Friends

06 February 2016

The Finale


First of all I must thank all my blogging friends for your comments in recent weeks. Even though close to tears I appreciated that you took the time to leave messages.

I have been away too long and now I’m wondering what to write on the blog. It has to be about Joe, of course, and I know it will be difficult. I think I’ll start at the beginning ...

At the end of Joe’s terrible illness, when the cancer spread and threatened his life, he was transferred from hospital to a hospice. He had been admitted to hospital two days before Christmas, on our 38th wedding anniversary. At that time he was still able to communicate and he pleaded with us to carry on with the Christmas arrangements. Months earlier he had ordered and paid for the family’s usual slap up meal at our favourite hotel so following his wishes we dined out - rather sombrely - and then went to see him in the hospital. There was a slight deterioration, not too bad but bad enough for him to show no interest in his Christmas gifts. He was in the hospital for eight days before being moved to the hospice. And that was where he died.  Rosanne and I had been with him all day before leaving to come home. It was a half-hour drive but one we wished we hadn’t made. As we walked through the front door the phone rang, the caller asking us how quickly we could go back. He only had 5 to 10 minutes left. We left immediately but got there too late. Joe had gone.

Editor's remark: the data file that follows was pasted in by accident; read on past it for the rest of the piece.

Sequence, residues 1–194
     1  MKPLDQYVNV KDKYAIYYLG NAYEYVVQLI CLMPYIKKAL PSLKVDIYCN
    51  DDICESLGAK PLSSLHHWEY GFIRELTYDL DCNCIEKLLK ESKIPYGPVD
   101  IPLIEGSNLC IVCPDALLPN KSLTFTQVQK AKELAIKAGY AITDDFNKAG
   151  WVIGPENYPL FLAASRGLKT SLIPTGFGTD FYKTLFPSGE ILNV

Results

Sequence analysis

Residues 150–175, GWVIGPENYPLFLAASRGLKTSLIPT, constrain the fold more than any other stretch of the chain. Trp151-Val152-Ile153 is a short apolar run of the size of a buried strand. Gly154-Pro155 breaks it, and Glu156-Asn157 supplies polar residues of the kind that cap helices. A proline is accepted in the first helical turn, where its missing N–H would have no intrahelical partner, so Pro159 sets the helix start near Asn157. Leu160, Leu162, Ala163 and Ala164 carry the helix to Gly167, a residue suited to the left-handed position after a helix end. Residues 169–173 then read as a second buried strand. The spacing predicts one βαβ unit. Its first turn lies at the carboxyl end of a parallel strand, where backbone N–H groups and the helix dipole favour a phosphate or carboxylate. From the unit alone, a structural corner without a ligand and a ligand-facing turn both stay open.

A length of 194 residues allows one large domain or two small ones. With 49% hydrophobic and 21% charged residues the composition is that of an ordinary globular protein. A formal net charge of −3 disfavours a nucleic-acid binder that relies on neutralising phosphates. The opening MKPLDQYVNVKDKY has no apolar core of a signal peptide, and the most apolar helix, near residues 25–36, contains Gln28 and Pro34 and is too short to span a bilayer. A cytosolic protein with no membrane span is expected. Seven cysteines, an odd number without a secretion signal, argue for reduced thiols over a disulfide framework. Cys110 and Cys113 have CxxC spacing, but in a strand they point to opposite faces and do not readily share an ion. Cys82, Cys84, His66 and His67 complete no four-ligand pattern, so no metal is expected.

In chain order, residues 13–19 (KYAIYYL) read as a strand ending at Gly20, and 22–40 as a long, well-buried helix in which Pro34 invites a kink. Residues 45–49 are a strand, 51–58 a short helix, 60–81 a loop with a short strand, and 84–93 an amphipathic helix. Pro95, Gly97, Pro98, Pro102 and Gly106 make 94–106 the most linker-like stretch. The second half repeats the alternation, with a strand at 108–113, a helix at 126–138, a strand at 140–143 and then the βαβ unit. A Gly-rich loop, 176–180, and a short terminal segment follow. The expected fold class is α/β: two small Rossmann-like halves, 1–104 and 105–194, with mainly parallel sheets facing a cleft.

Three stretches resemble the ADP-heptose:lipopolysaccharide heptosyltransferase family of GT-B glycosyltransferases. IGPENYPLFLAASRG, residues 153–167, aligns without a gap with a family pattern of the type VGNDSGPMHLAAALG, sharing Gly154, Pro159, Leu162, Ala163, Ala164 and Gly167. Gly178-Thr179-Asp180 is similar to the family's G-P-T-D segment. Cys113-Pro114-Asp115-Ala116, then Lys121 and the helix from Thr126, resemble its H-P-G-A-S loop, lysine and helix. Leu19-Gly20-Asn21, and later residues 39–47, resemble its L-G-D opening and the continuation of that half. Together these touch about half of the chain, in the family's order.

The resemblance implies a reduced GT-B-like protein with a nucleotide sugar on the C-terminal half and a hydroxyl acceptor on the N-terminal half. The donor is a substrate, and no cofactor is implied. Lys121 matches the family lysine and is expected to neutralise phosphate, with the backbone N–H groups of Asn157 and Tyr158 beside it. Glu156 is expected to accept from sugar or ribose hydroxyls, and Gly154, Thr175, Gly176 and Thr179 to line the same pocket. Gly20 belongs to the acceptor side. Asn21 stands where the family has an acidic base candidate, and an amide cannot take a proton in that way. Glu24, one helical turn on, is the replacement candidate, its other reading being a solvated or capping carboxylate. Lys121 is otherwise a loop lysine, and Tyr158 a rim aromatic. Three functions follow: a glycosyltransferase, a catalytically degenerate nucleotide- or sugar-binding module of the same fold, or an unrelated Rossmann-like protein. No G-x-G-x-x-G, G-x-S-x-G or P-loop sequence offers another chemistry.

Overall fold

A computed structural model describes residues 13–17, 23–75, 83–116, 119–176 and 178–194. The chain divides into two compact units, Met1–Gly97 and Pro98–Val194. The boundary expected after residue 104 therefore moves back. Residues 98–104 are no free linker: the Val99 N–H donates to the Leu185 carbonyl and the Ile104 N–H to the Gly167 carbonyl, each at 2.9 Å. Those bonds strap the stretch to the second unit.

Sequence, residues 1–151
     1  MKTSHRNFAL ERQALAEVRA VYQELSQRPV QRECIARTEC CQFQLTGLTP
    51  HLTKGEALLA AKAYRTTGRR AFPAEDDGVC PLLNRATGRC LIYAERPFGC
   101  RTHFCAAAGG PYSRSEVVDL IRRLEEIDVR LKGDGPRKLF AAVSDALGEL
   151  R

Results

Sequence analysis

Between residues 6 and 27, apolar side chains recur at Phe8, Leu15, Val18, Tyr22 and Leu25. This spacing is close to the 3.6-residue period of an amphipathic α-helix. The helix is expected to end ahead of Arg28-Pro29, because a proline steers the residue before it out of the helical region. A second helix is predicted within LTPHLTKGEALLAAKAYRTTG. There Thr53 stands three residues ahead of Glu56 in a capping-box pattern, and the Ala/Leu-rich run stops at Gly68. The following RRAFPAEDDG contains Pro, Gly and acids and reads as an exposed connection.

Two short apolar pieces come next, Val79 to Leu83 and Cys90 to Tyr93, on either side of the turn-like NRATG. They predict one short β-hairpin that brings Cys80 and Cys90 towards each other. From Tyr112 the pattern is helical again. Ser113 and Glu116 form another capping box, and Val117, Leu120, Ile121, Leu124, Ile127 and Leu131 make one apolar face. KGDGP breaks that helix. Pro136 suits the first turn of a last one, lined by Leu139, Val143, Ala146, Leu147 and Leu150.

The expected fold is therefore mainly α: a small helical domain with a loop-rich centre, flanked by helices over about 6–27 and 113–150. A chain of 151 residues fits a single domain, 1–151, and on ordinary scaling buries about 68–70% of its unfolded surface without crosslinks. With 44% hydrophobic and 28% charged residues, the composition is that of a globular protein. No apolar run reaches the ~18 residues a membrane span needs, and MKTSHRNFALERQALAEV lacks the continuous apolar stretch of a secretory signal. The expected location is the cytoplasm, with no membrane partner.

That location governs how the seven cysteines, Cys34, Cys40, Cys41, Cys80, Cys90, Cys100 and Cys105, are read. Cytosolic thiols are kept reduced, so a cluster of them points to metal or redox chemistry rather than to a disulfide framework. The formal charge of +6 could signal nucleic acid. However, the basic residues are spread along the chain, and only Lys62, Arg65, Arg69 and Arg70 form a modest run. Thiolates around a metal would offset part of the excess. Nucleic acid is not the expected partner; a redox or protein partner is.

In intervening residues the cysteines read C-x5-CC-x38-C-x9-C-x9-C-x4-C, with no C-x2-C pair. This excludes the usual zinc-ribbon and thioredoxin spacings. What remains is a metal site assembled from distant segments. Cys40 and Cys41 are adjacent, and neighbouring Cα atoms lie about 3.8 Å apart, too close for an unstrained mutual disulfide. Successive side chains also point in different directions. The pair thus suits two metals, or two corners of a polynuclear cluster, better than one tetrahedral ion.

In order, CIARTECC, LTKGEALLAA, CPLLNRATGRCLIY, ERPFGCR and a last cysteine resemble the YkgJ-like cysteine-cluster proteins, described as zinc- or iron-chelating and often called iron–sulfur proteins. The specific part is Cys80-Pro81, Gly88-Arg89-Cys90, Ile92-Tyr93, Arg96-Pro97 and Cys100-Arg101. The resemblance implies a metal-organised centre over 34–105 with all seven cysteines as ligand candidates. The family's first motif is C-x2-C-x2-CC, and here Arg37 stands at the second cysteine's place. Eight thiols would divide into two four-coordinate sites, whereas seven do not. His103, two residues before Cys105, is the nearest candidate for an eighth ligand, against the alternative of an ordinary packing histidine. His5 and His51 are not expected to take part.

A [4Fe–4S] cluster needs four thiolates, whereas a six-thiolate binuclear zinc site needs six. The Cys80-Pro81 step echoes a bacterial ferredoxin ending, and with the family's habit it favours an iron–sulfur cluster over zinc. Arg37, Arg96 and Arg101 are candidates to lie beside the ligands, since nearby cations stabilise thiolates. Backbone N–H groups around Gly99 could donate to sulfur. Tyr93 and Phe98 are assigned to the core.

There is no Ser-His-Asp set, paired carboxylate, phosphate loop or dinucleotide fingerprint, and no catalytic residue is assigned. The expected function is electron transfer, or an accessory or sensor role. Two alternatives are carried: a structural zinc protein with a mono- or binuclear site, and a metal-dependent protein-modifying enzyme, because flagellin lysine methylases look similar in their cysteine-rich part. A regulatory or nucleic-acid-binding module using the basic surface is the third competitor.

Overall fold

How did we cope? I would say we coped with extreme difficulty. Tears well up when I think of that time. But we had to move on, or sink.

As you know there is a lot to do when death strikes. Arrangements to make, people to tell, all the while trying to live and eat and sleep as well as shed even more tears.  I tried to keep the tears private, though, rather than upset others.

But let me tell you about the funeral, which many have described as wonderful. When I made my funeral plan, something like three years ago, I had been impressed by the firm of undertakers that took me through the plan. Naturally, Rosanne and I went back to them. They did a wonderful job and I know Joe would have approved.

The undertaking company is a family affair, brother and sister known as Daniel and Sarah. Both are well trained and have the knack of putting folk at ease. They don’t push, they suggest. And you can’t fault their suggestions. Right from the start they took over, ordered and arranged everything, always consulting us first. Sarah would ring just to see how I was, all the time offering help if needed. She knew I was alone, you see, Rosanne having her own house to stay in when over here from Australia.

On the day of the funeral we were treated like royalty, chauffeur driven and red carpet! But the service was straightforward. We had tried to keep it simple, well known hymns that got people singing, and an interesting eulogy that told people more about Joe than they knew. We had emphasised his love of football, from his playing days to the less energetic interest of watching his team play and in this regard we had requested that people wore a splash of red – his team’s colour. And they did... it was lovely and genuinely approved of by the priest. There was a surprise ending to the service, though. The music chosen to end was the signature tune of ‘Match of the Day’ which produced smiles and tapping feet as the congregation sat and listened. Many people remarked on our choice of music and they all said that Joe would have approved.